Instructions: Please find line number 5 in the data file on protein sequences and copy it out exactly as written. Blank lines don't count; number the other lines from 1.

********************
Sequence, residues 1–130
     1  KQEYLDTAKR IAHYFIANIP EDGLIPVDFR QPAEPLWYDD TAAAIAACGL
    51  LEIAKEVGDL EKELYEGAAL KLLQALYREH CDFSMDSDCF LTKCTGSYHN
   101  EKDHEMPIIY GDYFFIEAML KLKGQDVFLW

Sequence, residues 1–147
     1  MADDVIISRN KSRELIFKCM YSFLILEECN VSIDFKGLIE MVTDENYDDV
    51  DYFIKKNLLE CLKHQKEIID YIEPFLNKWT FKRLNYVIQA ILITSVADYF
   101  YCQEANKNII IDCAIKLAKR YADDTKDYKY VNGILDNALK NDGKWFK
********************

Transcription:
Sequence, residues 1–147